Monica Watrous, Managing Editor, Food Business NewsKANSAS CITY — Remember Natural Products Expo West last year?

Tens of thousands of people jammed into the Anaheim Convention Center, a frenetic roar of entrepreneurs and executives, investors and sculpted fitness bloggers chattering and munching on health food for four days in March.

In a new era defined by social distancing, that scene seems strange now, otherworldly even. Will industry trade shows ever look like that again?

It is a question worth pondering as dozens of conferences are canceled or postponed through the spring and summer and replaced by video demonstrations, virtual showcases and similar solutions. Such digital alternatives are less costly and time-consuming to attend and may offer event planners and exhibitors an expanded reach as the pandemic constrains large gatherings for the foreseeable future.

The Institute of Food Technologists announced it would cancel its annual meeting to be held in July at McCormick Place in Chicago and instead host a “virtual event experience” that will be “an engaging, accessible and inclusive platform to convene our global community, enabling us to connect, learn, share knowledge and advance the science of food and food innovation,” in the words of IFT president Pam Coleman.

The Research Chefs Association’s annual conference and trade show was scheduled to begin April 15 in San Diego. After canceling the event, association leadership pivoted to a virtual meeting featuring a series of live and recorded webinars scheduled to go online April 20 through June 16.

“While canceling the conference meant members will miss the networking opportunities, another major benefit of the event are the learning opportunities,” said Chip Potter, executive director of the RCA. “Sitting down and hearing from experts across a wide variety of topics is critical for people to use the knowledge and drive product development.”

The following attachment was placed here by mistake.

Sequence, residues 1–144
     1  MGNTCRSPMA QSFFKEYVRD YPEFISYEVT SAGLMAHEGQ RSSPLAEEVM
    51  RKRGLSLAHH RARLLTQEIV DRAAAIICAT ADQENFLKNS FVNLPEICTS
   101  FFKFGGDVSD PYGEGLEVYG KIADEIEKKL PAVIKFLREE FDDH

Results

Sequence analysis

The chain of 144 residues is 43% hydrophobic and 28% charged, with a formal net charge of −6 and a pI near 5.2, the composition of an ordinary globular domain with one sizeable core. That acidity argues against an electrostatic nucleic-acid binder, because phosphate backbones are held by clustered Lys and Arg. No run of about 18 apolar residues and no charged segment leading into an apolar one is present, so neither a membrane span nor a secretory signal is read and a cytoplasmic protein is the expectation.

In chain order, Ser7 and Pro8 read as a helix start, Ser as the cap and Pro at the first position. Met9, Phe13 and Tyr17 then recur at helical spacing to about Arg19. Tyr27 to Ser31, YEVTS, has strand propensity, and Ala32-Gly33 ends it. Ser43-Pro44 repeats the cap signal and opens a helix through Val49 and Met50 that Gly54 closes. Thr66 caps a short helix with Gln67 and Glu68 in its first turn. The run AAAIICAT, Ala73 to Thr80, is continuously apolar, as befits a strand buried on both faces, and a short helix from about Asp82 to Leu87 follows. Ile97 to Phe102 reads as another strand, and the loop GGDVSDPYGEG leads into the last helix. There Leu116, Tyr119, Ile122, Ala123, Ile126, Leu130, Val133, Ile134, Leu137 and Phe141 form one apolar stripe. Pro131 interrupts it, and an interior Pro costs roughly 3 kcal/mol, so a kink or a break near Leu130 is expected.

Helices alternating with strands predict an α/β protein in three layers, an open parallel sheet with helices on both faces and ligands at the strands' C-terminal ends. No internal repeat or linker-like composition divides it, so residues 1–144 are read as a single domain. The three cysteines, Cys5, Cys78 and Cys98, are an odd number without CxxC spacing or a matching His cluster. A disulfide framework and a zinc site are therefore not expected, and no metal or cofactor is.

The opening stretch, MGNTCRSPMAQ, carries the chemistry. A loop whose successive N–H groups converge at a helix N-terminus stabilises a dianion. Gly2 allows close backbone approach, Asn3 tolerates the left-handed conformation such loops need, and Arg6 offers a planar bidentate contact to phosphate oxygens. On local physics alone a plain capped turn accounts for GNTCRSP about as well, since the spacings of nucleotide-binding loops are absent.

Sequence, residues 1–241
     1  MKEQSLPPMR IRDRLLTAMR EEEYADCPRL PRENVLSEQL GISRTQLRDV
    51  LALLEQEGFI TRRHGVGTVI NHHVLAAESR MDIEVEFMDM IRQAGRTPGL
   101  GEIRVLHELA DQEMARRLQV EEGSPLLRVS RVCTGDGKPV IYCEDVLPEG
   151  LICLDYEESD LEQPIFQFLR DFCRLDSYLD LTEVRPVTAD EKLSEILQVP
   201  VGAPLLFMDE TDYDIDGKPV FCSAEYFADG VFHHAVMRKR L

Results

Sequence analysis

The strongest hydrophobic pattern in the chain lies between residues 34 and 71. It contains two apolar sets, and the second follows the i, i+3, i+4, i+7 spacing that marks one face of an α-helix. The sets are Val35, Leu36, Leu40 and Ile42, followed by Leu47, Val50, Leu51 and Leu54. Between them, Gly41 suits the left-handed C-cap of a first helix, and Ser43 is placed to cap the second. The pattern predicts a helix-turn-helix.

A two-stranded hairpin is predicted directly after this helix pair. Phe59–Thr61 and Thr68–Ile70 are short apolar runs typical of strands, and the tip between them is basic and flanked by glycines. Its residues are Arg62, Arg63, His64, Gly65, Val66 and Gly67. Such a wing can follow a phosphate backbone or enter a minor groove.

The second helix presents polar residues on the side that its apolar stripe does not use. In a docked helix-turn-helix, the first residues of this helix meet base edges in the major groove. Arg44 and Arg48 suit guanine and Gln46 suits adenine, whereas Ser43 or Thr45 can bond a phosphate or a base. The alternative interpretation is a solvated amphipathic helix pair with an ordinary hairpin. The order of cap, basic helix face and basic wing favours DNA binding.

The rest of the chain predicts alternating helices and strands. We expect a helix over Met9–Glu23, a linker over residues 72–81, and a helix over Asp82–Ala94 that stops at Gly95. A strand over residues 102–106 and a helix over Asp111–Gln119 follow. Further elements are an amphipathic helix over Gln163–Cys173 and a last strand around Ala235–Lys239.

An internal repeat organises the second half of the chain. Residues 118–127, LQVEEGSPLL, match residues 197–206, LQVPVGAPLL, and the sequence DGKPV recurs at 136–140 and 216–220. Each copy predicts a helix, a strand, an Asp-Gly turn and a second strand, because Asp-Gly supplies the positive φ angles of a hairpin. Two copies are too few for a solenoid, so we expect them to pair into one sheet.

Virtual events will likely remain a fixture even as restrictions on the size of gatherings are lifted. Many industry professionals may be restricted by corporate travel bans and tighter budgets, or cautious about crowding into confined spaces, shaking hands and sampling bites skewered on a toothpick. Suddenly the normal activities of industry events appear riddled with health risks.

This altered landscape is highly problematic for startup entrepreneurs, who rely on trade shows to gain visibility and captivate retail buyers. Such events often represent the largest expenses in a small brand’s budget but are necessary in the early stages of a business. Innovation must be seen, smelled and tasted, and founders require the real-time feedback to refine and scale product offerings.

Another shortfall of virtual events is the potential for webinar fatigue. People are staring at screens more than ever lately. Attention spans are shorter. Distractions are unavoidable. Technology fails. A product pitch may be interrupted by a screaming child or internet outage.

It is difficult to predict what shape the trade event landscape will take in the coming years. Will there be fewer of them? Will fewer people attend? Or, following a prolonged pause on in-person interactions, will trade shows assume renewed importance?

What will Expo West look like next year?

Virtual content offers value in the absence of meetings, but it cannot yet replace the networking, engagement and interaction that occurs during real events. The groundbreaking innovation introduced by food entrepreneurs may be stalled from hitting shelves in the meantime.

This commentary was featured in the May 12 edition of Food Entrepreneur. Read the full issue here